In 2021, she ran for an at-large seat but came up short in that race too.
Getz, like many running for City Council seats, ironically supports the idea of shrinking the Council by getting rid of an at-large seat from each ward.
“We don’t need this many city councilors. It just gets too chaotic,” she said.
Housing and VCOD
When Getz and her husband bought their house, home prices were low enough that families of all economic backgrounds could move into the city. Now, not so much.
“I live right across from the Waban Library, so I had everything. I had the walkable neighborhood school, the village center, and I had a yard, and I was like, ‘This is it.’ We were so happy,” Getz said. “But do it again today, that’s not going to happen. It’s cost-prohibitive for most people.”
Her own street, she added, has undergone a transformation as older homes have been demolished for newer, bigger, multi-million-dollar homes.
If elected, Getz said she wants to promote affordable housing. But she also doesn’t think re-zoning the city’s village centers, which the Village Center Overlay District plan would do, would do anything to bring down home prices in Newton.
“I actually think adaptive reuse is a really good idea, because I’ve always supported the idea of building on what you’ve got,” she said. “New construction is environmentally really costly. And concrete is incredibly environmentally taxing.”
Getz wants to see the city act cautiously when planning for more housing and consider long-term planning that factors in environmental impacts on the city—with things like traffic, parking and stormwater runoff.
“If you increase the size of a building and you increase the impermeable surface, where is the water going to go? It’s going to go off your lot,” Getz said. “So you really have to manage the interruption in the water cycle you’re causing by your new build.”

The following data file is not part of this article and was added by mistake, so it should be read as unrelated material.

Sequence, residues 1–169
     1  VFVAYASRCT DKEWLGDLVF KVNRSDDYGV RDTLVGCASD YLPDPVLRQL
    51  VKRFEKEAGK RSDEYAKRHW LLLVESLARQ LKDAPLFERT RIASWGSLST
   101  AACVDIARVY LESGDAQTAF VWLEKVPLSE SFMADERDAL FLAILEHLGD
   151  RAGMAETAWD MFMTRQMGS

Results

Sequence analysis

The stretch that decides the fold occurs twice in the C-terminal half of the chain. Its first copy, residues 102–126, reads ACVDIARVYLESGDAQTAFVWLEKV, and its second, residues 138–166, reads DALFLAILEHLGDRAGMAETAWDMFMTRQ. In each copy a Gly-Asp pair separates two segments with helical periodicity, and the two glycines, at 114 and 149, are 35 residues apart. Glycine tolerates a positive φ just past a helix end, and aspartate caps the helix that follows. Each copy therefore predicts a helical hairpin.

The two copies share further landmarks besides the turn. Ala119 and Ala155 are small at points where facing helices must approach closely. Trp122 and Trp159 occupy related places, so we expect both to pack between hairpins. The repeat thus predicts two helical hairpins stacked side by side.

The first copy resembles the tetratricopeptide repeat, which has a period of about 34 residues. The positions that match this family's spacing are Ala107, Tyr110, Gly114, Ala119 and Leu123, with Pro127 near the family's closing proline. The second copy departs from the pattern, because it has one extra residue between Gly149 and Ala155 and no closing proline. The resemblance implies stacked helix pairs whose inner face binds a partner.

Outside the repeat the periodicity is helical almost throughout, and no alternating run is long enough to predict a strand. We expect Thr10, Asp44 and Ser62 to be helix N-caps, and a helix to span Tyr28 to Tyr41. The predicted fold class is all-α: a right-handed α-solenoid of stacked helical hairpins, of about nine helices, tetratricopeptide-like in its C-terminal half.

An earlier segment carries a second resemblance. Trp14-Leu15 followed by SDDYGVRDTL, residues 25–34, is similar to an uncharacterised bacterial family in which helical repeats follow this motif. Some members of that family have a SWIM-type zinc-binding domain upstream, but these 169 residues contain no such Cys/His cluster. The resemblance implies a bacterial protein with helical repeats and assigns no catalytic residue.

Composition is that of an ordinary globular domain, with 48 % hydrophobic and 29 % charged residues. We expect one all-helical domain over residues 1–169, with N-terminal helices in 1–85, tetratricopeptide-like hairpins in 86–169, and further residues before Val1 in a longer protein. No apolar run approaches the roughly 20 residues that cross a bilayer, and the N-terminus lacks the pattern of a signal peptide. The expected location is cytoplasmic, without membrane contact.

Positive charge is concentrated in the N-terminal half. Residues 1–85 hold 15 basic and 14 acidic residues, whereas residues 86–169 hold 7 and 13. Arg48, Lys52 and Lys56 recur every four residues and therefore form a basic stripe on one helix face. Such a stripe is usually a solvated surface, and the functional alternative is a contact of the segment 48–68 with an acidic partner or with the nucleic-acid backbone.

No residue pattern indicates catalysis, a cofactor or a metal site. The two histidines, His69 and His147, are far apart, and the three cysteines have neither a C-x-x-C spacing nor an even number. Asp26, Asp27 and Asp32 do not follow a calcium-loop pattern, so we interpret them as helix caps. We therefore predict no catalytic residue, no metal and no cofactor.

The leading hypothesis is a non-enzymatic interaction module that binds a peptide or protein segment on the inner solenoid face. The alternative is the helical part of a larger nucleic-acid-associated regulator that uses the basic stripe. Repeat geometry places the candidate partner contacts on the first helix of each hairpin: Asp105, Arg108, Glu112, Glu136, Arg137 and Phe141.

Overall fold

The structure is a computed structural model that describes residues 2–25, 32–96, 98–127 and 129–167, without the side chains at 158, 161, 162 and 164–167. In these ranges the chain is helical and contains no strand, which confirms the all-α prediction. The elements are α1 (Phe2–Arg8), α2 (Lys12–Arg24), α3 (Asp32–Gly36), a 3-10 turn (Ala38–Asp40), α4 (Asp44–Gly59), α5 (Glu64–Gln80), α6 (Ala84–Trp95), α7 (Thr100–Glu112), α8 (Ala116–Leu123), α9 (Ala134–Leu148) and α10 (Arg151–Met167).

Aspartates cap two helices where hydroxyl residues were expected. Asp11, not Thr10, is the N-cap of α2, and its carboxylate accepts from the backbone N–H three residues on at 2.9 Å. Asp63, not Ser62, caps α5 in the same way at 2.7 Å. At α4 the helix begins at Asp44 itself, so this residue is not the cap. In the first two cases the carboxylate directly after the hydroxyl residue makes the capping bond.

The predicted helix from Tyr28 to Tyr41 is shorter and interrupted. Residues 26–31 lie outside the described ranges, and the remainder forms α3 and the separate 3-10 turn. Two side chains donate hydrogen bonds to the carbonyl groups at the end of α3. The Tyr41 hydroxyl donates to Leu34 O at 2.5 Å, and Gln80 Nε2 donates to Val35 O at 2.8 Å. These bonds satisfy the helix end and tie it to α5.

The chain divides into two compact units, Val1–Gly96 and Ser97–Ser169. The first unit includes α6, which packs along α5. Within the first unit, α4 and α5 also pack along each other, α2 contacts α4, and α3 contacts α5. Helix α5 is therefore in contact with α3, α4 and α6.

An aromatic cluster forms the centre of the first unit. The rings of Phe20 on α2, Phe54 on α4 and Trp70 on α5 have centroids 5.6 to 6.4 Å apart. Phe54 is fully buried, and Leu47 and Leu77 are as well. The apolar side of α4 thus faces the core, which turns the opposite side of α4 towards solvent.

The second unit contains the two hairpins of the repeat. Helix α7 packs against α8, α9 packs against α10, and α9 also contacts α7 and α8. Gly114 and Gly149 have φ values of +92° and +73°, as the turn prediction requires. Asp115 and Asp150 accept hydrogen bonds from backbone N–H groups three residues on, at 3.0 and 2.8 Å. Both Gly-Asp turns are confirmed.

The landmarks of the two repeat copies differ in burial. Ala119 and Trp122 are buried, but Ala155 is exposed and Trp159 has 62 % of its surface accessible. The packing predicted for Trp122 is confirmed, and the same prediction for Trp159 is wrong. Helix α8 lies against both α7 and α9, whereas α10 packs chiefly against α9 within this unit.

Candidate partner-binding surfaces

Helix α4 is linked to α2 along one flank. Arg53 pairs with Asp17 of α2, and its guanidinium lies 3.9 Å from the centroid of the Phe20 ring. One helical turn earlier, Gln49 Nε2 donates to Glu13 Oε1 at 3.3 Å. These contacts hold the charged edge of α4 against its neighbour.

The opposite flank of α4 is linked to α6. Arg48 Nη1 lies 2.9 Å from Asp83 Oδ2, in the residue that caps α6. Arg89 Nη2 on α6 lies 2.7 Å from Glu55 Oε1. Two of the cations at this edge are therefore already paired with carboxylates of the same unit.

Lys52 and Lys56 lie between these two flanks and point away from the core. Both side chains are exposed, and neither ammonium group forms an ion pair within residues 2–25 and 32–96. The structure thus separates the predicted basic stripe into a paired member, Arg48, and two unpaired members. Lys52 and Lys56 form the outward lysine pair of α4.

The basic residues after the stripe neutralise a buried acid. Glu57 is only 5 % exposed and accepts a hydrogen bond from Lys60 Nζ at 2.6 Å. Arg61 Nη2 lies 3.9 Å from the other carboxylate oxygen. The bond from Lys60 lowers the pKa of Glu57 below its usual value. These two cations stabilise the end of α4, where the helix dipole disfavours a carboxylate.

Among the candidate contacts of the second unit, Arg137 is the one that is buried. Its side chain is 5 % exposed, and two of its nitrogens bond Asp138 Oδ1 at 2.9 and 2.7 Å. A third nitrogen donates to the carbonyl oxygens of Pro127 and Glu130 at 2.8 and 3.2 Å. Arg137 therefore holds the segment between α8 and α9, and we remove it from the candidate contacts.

Eco-consciousness and sustainability
That passion for protecting the environment is Getz’s main drive in running for office.
Getz serves on the board of the Friends of Hemlock Gorge Reservation. The gorge is managed by the state, but Getz said she wants to preserve nature throughout the city.
“I see this as investing in ecosystems,” she said, looking out from Echo Bridge across the gorge. “I see this as critical in terms of salvation. This is so valuable for us as a community.”
She supports a proposed tree ordinance that would institute a fine for anyone cutting down trees on their property. In fact, she wants to strengthen it.
“Old trees are incredibly important. Tree canopy is incredibly important,” Getz continued, as Darwin whined to keep walking. “The only way that you can really get some people to understand the value is to monetize it and say, ‘OK this tree is doing X amount of work, or in terms of stormwater it’s doing X to pull away water that would otherwise cause flooding.'”
Climate change, Getz added, is only going to make that trees and stormwater more relevant to city planning.
“You have to be really holistic about systems, and you have to understand that the air, the water—it’s a bigger picture,” Getz continued. “We have to pre-plan when we do our zoning, and we have to bake it in.”
Newton’s election will be Nov. 7, with early voting starting on Oct. 28.